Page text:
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Exodus 1974 by Alex Frishberg

16 April 2018

‘In summer 1973, my parents sent me to a camp for a month. A 10-year-old boy, I was away from home for the first time ever. When my dad came to visit me on a weekend, he immediately wondered if I had fun there. I told him the truth, “One of the mates called me a yid and they all began to beat me. Then a camp counsellor came over and asked who initiated the fight, and the guys pointed at me. They went to the cinema and I got detention hours. No, I don’t like it here.” My dad advised me to fight back, “Get someone’s nose smashed and that’s it.” However, on his way back home he made a crucial decision that changed our lives forever. A year later, in 1974, we left the Soviet Union without any idea where we would go and what would happen to us. Before moving, my parents promised to keep correspondence with their best friends in Kyiv no matter what. They kept their word.’
Exodus 1974 is a documentary saga that spans 20 years and consists of letters written by the author’s parents and himself. It is a true story about the immigration of a Jewish family who first went to Vienna, then Rome, and finally settled down in St. Louis, Missouri (USA). It is a meticulous account of the minor obstacles and big challenges they faced on their journey. Thanks to to their tremendous effort and perseverance, they built successful careers and have since enjoyed a good reputation in their new motherland. An easy and engaging read, these memoirs are also of historical value.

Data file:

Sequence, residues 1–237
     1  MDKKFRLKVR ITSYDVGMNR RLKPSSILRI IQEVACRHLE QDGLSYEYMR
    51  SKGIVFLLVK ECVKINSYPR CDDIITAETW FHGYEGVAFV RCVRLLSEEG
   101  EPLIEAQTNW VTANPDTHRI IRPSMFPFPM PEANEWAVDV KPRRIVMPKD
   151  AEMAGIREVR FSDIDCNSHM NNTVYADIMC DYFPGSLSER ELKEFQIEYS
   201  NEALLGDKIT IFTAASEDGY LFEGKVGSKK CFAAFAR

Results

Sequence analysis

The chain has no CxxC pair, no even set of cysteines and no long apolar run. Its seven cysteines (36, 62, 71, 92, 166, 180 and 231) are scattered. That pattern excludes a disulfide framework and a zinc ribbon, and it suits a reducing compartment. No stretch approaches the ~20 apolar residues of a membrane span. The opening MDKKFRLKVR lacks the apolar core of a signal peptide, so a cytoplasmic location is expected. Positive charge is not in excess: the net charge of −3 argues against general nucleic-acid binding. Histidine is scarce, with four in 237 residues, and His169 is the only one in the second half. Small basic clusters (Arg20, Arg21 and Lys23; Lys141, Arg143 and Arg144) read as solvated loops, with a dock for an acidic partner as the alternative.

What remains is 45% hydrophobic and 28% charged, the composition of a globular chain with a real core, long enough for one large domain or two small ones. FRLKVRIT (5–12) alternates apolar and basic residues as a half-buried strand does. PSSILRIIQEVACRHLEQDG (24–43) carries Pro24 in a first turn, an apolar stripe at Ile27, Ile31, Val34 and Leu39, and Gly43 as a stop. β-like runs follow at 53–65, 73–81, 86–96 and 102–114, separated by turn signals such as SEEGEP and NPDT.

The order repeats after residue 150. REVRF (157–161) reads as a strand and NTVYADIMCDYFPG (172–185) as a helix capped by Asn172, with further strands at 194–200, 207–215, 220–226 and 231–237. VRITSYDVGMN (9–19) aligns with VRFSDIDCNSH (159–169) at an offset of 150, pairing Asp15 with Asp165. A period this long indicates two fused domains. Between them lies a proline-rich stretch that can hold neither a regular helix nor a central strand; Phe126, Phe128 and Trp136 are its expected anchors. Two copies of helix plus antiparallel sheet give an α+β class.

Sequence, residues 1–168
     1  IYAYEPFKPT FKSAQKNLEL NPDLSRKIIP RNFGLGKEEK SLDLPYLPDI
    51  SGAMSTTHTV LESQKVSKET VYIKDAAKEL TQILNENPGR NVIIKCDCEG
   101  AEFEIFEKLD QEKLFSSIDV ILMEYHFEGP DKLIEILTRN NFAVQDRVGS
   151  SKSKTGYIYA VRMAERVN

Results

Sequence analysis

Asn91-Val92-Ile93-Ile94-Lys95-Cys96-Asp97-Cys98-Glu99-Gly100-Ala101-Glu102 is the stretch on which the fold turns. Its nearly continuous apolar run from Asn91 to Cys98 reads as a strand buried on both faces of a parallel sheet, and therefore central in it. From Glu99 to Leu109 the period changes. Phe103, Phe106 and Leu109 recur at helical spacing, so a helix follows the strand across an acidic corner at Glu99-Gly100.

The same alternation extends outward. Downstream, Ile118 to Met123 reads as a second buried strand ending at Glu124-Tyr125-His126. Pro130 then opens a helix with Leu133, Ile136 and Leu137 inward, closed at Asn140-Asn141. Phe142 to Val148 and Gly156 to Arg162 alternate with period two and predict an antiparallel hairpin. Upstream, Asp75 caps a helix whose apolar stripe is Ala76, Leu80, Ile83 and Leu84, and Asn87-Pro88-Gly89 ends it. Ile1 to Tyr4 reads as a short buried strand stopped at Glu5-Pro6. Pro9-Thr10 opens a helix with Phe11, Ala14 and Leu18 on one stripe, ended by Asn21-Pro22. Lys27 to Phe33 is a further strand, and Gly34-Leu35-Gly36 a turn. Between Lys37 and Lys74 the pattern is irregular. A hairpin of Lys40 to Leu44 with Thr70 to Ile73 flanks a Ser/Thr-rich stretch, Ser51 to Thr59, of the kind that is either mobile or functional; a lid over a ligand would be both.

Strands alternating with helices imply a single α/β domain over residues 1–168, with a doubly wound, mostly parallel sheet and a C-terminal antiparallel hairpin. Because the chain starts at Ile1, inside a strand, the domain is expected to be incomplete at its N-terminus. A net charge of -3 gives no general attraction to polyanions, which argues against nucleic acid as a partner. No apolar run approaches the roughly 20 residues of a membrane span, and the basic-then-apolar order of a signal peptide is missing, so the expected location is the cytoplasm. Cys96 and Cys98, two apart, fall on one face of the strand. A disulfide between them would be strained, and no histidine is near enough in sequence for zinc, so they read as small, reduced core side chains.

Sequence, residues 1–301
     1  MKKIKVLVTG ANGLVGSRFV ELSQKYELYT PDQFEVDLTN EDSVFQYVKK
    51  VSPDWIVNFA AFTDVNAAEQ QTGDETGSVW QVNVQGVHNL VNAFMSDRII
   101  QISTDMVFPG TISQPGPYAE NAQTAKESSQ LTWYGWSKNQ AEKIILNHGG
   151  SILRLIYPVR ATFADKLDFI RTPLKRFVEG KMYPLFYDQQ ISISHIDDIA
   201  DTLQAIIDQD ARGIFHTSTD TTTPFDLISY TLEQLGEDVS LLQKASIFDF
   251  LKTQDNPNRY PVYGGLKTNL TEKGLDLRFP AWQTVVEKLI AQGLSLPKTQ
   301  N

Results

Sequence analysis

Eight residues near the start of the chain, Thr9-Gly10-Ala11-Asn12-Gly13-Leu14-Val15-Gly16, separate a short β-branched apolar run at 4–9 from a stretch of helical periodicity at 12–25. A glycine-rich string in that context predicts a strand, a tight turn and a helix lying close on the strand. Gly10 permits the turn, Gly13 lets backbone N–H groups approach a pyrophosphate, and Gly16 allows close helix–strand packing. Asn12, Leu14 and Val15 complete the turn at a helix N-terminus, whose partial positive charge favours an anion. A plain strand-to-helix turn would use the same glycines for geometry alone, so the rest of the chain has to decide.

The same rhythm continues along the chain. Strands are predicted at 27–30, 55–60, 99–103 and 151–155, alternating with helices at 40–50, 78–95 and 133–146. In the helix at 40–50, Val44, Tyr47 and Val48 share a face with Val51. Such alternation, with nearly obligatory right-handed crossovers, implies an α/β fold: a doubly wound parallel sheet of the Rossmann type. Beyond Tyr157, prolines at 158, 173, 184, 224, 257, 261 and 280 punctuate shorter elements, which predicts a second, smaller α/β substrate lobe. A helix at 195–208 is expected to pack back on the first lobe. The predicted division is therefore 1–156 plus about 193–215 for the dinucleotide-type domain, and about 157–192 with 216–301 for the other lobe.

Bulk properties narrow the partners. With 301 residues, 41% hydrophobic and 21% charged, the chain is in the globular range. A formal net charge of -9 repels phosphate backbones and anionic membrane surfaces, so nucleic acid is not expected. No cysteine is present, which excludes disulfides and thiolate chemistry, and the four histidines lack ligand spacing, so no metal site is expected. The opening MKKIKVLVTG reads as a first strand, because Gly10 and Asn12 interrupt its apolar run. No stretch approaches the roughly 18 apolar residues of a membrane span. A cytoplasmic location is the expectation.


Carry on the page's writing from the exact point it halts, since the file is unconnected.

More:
About the author:
Alex Frishberg received a B.A. in English language and literature from the University of Missouri and a J.D. from Washington University in St Louis School of Law. Prior to relocating to Ukraine in 1991, he practiced at one of the largest law firms in Washington, D.C. Current managing partner at Frishberg & Partner, he has written several books including Foreigner’s Guide to Ukrainian Women and The Steel Barons.

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